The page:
Microbial natural products possess complex chemical structures as well as potent biological activity and are an important source of drugs. While these molecules have captivated synthetic and medicinal chemists for decades, more recently the underlying biosynthetic pathways that construct natural product scaffolds have been recognized as important reservoirs of novel enzymes. Uncovering new enzymatic chemistry and biosynthetic strategies expands our basic understanding of Nature?s synthetic capabilities. It is also a critical first step toward applications of this fundamental knowledge and can serve as an inspiration for synthetic chemists. The long- term goal of the proposed research is to identify microbial enzymes that catalyze previously unappreciated chemical transformations. We envision discovering such enzymes by studying the biosynthesis of natural products containing important molecular architecture and functional groups of unknown biosynthetic origin. An important class of such structural motifs are functional groups containing a nitrogen-nitrogen (N?N) bond, a chemical linkage found in 9% of the 200 best-selling drugs. Reactive N?N bond-containing functional groups, including diazo and N-nitroso groups, are a critical part of biologically active small molecules including streptozotocin (Zanosar), a clinically used treatment for metastatic pancreatic cancer. They are also uniquely enabling chemical reagents, with diazo compounds mediating many important and powerful chemical transformations in synthetic chemistry, biocatalysis, and biorthogonal chemistry. Though reactive N?N bonds are present in microbial natural products, their biosynthetic origins are poorly understood. Thus, the overall objective of this application is to discover and characterize enzymes that construct diazo- and N-nitroso- containing metabolites. Preliminary results from our lab and others have uncovered biosynthetic gene clusters responsible for constructing multiple diazo- and N-nitroso-containing natural products, including streptozotocin and other molecules that have been in clinical trials. These findings set the stage for our three complementary specific aims: 1) identify and characterize the biosynthetic enzymes responsible for constructing the diazo groups of the natural products cremeomycin and kinamycin; 2) identify and characterize the biosynthetic enzymes responsible for constructing the N-nitroso groups of the natural products streptozotocin and alanosine; 3) access additional diazo and N-nitroso biosynthetic enzymes and natural products by characterizing cryptic gene clusters. By leveraging the tremendous structural diversity of microbial natural products in the genomic era, we will rapidly discover and characterize biosynthetic transformations that fill critical gaps in our current knowledge of enzymatic chemistry capabilities. Finally, the workflow we have formulated for investigating the biosynthesis of reactive N? N bond-containing functional groups will also be readily generalizable to additional structural motifs found in microbial natural products.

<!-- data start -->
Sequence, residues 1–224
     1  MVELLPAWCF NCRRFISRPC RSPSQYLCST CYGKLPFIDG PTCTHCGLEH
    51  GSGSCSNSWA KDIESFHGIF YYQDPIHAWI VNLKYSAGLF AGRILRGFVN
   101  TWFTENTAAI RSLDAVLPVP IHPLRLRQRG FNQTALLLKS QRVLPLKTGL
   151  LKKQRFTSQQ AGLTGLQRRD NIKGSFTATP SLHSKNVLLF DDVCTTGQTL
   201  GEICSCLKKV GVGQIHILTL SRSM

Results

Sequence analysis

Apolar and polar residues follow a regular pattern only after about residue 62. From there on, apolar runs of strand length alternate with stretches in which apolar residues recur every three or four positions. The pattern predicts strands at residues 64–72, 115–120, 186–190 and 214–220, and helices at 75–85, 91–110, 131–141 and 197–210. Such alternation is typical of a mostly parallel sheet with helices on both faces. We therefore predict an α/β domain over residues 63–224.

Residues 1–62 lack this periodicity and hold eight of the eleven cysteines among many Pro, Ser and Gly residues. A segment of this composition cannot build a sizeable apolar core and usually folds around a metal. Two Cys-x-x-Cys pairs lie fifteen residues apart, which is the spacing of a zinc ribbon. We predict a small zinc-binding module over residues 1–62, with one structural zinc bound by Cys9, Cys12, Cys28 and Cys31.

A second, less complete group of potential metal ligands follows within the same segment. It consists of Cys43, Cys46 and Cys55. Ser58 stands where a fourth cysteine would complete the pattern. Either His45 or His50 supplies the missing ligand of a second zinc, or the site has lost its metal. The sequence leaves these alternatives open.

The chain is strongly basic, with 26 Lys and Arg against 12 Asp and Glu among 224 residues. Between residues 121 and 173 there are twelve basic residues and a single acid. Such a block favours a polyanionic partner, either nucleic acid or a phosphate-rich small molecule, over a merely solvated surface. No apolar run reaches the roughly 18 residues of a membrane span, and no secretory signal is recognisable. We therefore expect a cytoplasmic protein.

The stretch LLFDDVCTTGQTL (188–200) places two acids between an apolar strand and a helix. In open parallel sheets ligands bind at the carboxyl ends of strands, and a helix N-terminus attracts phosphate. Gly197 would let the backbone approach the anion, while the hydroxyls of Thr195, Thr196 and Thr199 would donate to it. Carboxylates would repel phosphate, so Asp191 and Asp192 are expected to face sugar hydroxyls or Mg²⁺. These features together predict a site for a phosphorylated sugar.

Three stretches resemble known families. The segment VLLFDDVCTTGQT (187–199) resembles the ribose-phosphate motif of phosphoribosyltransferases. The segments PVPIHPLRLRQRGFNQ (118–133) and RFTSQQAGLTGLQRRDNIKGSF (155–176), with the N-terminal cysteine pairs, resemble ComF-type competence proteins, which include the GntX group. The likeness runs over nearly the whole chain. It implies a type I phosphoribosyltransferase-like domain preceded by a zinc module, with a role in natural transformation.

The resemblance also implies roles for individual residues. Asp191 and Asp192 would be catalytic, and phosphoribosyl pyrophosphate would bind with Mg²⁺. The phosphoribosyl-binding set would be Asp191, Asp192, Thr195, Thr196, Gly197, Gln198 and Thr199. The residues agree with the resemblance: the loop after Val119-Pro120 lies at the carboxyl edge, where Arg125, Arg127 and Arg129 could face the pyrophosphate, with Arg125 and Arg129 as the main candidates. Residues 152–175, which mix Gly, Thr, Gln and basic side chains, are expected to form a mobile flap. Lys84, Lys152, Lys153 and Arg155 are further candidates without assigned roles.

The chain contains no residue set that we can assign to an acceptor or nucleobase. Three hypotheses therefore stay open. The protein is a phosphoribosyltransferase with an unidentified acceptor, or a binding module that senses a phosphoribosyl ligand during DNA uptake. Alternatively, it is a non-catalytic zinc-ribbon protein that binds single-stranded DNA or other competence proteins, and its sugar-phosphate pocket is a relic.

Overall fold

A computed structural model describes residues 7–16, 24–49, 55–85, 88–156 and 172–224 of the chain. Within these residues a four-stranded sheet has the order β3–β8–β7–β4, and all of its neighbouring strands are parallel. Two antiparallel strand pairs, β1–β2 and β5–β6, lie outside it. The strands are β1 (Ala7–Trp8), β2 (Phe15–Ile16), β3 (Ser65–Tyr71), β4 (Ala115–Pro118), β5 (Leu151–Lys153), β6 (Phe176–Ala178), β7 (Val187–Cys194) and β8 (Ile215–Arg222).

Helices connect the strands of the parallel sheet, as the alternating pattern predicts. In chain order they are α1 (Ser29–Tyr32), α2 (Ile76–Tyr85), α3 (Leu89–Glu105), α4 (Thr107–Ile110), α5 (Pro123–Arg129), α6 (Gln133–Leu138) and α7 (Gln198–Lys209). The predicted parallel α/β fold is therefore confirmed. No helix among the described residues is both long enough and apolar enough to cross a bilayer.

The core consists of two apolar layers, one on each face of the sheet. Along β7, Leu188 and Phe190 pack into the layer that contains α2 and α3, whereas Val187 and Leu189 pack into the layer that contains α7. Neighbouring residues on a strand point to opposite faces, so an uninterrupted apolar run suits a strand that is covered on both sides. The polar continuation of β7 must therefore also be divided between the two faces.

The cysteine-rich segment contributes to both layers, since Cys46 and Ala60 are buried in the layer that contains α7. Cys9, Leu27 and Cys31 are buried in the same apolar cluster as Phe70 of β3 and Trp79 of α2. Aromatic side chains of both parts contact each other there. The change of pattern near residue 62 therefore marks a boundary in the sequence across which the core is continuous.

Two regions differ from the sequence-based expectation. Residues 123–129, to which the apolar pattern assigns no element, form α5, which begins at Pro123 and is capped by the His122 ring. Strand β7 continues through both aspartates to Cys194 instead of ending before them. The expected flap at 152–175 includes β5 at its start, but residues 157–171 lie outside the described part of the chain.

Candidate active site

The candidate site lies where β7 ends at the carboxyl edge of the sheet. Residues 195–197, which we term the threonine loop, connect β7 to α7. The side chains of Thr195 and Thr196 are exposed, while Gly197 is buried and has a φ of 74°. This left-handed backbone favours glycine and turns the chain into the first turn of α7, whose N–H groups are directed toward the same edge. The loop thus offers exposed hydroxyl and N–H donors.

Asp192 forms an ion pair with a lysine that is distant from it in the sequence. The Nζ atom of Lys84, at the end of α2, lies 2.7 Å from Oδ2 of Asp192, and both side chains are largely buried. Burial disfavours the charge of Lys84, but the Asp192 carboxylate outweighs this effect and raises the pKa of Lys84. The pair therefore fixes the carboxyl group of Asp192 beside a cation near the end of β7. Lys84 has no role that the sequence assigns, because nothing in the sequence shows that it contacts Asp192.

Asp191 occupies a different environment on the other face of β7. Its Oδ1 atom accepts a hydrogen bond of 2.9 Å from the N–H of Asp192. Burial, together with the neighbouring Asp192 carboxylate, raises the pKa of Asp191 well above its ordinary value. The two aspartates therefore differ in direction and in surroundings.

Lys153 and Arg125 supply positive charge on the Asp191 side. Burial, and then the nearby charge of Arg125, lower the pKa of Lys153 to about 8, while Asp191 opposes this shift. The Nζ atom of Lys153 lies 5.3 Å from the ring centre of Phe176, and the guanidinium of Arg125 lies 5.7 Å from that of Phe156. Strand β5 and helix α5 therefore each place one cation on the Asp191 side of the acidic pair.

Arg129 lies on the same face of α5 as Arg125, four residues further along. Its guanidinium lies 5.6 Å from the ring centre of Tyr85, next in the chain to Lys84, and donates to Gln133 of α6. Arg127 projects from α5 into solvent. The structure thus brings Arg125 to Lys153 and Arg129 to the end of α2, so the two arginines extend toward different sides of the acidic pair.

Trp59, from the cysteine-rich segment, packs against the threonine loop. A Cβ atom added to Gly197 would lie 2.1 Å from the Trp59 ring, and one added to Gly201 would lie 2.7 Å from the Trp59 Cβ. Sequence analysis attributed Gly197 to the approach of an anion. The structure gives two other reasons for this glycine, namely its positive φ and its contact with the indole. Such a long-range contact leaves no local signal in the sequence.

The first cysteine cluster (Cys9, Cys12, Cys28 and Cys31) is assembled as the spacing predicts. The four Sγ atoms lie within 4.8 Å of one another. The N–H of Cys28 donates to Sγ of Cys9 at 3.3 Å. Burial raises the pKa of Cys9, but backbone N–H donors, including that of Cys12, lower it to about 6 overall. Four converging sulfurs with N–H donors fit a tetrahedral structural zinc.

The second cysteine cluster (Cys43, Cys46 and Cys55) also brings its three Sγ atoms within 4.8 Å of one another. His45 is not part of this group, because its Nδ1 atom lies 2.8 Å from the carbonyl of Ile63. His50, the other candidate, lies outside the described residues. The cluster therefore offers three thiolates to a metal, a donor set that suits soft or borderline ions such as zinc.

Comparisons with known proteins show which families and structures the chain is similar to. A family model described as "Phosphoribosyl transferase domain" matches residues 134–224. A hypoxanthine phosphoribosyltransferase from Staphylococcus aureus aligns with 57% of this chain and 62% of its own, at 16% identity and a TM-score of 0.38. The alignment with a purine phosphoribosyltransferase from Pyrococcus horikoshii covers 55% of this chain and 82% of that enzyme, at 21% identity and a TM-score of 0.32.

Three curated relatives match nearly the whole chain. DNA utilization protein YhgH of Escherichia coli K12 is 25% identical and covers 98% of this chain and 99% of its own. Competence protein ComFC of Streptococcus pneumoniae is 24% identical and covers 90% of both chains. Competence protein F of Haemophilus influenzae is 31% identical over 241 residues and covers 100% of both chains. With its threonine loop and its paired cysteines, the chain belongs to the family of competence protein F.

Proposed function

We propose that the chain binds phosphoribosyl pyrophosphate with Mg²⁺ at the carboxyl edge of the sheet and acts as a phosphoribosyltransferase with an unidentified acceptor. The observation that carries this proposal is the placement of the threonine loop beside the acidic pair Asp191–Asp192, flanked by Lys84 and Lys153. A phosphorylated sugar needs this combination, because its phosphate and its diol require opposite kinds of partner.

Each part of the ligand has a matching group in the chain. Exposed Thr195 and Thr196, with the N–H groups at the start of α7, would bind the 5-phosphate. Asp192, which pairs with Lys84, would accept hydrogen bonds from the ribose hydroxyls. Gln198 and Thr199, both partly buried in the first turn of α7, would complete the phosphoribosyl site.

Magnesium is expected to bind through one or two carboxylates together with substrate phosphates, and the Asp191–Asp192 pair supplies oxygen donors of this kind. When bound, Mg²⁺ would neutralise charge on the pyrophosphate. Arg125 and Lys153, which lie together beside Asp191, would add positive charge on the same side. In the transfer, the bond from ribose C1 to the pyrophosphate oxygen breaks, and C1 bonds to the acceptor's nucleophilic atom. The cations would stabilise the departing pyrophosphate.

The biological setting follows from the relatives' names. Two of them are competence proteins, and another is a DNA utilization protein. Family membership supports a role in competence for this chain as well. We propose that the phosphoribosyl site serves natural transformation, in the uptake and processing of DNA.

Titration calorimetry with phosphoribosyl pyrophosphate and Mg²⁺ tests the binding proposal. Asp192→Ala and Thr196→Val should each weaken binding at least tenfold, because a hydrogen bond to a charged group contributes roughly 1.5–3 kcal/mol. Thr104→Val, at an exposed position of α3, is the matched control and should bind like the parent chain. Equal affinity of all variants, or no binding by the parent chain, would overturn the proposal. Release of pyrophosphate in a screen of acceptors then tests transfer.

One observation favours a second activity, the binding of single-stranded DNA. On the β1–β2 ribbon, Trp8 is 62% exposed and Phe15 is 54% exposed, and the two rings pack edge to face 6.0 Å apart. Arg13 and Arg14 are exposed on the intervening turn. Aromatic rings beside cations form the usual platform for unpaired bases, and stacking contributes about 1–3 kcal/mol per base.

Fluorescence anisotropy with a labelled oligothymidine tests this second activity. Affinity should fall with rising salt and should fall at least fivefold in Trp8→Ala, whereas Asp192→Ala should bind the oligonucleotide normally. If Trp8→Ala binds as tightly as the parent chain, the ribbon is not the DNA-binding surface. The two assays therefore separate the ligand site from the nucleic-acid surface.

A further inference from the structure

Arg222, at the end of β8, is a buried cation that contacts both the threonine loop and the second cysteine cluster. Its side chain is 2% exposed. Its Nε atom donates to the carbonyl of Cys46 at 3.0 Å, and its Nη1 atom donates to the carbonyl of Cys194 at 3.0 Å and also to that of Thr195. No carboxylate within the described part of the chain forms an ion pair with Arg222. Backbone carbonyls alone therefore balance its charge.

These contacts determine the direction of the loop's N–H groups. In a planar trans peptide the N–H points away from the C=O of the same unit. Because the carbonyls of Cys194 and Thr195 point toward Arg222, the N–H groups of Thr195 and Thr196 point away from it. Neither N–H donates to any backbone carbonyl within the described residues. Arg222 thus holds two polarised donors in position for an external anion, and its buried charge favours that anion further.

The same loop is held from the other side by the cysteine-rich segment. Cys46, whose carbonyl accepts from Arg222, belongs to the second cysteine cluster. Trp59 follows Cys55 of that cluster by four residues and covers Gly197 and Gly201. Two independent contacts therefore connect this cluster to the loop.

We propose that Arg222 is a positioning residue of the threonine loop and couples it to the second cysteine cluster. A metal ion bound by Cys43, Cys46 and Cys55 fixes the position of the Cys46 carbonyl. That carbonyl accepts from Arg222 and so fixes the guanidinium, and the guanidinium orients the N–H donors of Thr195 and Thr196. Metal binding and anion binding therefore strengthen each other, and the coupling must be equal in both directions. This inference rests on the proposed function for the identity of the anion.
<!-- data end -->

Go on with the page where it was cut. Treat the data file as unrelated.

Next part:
Small molecules produced by microorganisms are an important source of life-saving drugs, and the protein- based catalysts (enzymes) that build these molecules can perform unusual chemical reactions. The goal of this proposal is to discover enzymes that construct reactive functional groups containing nitrogen?nitrogen (N?N) bonds, structural features that are found in many biologically active molecules, including approved drugs used to treat cancer. By discovering and characterizing enzymes that build N?N bond-containing diazo and N-nitroso groups, we will expand our fundamental understanding of biological chemistry and inform future applications toward improving human health.